What is really autism?
Autism is diagnosed solely based on behavioral observations, which are very subjective. It is a spectrum of disorder-some are mild, some are severe. There are no blood or other biological test for identifying autism. Therefore, diagnosis of autism tells us nothing about the potential contributors or causes of disorder. For examples, gut problems such as constipation, acid reflux, overgrowth of candida albicans, diarrhea with cramps can cause aggressive behaviors or self-injurious behaviors. Seizure activity may contribute to hyperactivity, aggressive behavior, speech delay, sleep problems. All those behaviors have physiological causes that need to be addressed. As those physiological causes are remediated, symptoms of autism disappear. The autism epidemic, as we see it is not a genetic disease. There may be genetic susceptibility, but the environmental factors are key in developing what is called regressive autism.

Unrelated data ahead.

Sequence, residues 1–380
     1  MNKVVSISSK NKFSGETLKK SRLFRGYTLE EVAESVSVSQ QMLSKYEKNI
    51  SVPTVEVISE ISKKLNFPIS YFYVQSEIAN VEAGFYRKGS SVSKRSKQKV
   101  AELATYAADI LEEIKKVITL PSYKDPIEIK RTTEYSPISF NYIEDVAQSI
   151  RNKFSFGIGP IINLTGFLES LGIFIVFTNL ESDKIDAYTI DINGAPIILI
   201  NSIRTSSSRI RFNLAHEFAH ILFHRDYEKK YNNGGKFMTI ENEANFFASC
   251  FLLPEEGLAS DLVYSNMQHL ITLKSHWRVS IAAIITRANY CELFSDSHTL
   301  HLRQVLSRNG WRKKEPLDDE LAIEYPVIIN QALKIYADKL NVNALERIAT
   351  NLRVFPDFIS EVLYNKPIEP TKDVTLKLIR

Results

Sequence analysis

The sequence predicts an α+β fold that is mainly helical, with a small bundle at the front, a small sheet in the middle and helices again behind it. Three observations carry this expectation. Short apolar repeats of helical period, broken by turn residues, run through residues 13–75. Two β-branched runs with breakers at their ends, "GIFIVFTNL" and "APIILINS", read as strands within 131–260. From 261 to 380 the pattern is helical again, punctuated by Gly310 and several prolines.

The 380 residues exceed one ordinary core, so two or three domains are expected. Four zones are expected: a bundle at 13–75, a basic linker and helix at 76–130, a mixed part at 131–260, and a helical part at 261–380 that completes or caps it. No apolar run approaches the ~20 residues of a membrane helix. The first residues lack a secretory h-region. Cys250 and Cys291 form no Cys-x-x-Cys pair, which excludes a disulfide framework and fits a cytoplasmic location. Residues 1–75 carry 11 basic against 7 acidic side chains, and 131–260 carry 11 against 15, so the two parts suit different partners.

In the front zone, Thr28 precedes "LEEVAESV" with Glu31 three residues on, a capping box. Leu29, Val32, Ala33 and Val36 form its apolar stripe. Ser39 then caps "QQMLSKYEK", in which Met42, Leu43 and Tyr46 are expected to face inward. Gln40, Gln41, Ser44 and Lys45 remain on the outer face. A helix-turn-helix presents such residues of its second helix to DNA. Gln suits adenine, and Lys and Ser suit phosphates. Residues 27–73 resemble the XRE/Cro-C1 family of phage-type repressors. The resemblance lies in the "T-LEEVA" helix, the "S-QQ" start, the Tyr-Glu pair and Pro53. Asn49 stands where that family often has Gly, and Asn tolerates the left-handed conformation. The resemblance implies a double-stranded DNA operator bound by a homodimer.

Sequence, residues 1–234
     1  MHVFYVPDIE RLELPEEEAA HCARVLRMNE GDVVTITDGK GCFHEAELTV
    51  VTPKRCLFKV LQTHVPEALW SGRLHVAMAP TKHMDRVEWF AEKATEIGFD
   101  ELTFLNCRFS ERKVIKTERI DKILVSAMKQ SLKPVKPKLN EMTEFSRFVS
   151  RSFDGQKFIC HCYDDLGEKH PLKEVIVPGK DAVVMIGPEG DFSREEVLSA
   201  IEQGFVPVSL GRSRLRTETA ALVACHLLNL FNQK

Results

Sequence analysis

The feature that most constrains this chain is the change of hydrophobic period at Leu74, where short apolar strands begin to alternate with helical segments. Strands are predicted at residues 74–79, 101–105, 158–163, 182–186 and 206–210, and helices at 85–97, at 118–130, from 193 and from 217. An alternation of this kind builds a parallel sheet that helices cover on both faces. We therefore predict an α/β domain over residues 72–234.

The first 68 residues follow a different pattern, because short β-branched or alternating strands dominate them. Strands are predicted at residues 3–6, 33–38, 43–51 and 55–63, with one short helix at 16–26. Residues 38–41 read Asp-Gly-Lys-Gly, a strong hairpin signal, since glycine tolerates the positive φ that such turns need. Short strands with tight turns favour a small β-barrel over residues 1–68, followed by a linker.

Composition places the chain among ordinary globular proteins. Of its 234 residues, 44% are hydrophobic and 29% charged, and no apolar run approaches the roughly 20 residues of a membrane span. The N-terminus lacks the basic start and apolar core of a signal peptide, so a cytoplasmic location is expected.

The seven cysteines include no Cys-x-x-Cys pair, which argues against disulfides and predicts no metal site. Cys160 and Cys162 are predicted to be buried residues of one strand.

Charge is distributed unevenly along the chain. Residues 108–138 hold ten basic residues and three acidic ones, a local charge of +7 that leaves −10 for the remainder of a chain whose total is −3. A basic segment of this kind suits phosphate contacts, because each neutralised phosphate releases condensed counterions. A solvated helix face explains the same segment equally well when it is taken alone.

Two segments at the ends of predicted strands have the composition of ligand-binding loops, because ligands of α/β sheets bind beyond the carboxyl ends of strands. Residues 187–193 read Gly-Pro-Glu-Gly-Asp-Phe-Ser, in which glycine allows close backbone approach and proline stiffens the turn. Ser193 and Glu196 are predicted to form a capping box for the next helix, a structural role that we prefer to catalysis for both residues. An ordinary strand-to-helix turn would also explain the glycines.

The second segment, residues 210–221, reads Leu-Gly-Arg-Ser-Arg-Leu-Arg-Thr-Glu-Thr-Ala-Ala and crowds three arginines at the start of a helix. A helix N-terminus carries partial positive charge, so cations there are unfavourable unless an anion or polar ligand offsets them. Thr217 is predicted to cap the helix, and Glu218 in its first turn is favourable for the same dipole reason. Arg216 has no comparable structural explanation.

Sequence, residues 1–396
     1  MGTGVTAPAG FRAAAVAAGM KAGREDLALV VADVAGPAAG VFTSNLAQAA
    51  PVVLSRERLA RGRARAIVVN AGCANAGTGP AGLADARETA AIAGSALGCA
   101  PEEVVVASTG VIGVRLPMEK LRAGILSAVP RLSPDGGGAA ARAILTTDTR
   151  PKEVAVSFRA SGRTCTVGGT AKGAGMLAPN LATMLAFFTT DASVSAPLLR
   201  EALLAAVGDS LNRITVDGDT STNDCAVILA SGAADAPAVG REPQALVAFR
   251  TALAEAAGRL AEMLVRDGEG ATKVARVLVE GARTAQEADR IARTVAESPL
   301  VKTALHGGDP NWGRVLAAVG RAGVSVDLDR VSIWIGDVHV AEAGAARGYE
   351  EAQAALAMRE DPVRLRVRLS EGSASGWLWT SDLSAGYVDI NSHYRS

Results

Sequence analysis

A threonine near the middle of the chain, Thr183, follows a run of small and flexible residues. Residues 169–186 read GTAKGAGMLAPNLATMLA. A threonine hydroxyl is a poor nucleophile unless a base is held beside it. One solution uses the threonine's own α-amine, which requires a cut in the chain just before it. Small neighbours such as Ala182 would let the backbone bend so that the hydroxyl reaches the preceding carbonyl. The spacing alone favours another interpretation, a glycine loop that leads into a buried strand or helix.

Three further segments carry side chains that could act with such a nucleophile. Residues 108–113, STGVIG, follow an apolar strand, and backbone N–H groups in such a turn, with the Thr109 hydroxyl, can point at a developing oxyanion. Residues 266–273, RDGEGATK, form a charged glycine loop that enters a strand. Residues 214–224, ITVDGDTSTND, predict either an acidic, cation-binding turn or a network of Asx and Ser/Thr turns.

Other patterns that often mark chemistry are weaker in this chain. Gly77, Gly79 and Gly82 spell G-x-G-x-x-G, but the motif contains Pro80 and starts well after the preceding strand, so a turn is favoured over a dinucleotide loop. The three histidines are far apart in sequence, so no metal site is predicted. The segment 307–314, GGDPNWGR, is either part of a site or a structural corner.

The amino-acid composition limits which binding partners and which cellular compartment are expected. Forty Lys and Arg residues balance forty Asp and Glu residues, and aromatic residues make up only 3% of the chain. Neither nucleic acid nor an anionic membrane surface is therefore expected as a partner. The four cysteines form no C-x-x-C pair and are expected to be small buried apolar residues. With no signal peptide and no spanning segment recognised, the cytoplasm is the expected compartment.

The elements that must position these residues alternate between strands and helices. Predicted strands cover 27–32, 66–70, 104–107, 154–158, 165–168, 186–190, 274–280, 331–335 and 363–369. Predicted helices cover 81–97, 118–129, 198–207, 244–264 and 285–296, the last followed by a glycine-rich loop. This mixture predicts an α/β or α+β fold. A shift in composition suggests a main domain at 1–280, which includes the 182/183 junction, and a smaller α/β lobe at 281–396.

Biomedical approach to autism
Biomedical approach to autism stems from the belief that” autism is a medical condition, so recovery is possible”. Most children affected by autism have comorbid medical conditions including chronic gastrointestinal inflammation, immune dysregulation, chronic infections, heavy metal toxicity and chronic brain inflammation and hypoperfusion. The goal of biomedical treatment is to address those medical conditions to optimize brain function.
- Controlling gastrointestinal inflammation and brain inflammation ( gut-brain connection);
- Strengthening the immune systems and treating chronic bacterial, viral and fungal infections;
- Supporting methylation and mitochondrial function;
- Stimulating brain development ( inducing brain plasticity);